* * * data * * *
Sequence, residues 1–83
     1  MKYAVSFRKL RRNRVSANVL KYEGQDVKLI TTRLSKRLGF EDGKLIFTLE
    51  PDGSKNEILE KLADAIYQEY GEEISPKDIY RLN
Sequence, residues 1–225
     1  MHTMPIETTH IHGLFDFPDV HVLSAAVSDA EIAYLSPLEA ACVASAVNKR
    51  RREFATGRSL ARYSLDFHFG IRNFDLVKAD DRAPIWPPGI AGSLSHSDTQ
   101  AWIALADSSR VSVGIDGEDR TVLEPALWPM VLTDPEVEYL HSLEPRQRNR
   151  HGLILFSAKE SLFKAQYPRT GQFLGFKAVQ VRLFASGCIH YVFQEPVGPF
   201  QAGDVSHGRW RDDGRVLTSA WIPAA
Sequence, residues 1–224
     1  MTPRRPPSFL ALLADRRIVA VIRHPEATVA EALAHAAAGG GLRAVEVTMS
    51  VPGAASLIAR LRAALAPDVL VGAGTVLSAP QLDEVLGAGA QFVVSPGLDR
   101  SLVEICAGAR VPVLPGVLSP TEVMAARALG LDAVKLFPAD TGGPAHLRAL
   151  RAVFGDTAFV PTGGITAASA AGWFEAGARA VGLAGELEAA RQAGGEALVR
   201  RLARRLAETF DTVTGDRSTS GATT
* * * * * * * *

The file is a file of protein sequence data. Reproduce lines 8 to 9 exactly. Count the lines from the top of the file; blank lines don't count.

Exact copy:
   151  HGLILFSAKE SLFKAQYPRT GQFLGFKAVQ VRLFASGCIH YVFQEPVGPF
   201  QAGDVSHGRW RDDGRVLTSA WIPAA